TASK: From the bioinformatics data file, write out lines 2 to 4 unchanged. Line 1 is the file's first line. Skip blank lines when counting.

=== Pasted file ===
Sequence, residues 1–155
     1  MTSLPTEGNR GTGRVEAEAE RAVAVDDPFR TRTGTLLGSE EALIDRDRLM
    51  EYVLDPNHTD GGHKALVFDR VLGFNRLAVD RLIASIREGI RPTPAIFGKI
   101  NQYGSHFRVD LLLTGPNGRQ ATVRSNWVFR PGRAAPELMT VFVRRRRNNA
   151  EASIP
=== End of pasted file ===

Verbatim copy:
     1  MTSLPTEGNR GTGRVEAEAE RAVAVDDPFR TRTGTLLGSE EALIDRDRLM
    51  EYVLDPNHTD GGHKALVFDR VLGFNRLAVD RLIASIREGI RPTPAIFGKI
   101  NQYGSHFRVD LLLTGPNGRQ ATVRSNWVFR PGRAAPELMT VFVRRRRNNA